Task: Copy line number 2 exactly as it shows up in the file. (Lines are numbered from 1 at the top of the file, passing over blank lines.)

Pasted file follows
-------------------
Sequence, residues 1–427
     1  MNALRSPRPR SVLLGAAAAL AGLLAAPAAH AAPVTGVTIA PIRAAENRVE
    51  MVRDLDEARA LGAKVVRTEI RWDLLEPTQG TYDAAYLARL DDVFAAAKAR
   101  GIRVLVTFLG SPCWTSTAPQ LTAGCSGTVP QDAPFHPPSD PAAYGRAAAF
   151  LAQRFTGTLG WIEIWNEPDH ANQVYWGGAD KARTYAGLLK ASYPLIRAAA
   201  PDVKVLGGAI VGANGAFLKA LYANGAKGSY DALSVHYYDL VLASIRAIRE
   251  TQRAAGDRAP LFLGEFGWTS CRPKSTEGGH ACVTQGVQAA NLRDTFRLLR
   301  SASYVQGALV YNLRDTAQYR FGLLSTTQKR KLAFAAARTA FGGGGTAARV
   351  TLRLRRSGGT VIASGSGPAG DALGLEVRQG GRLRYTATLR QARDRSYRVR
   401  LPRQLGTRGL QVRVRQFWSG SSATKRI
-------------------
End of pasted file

     1  MNALRSPRPR SVLLGAAAAL AGLLAAPAAH AAPVTGVTIA PIRAAENRVE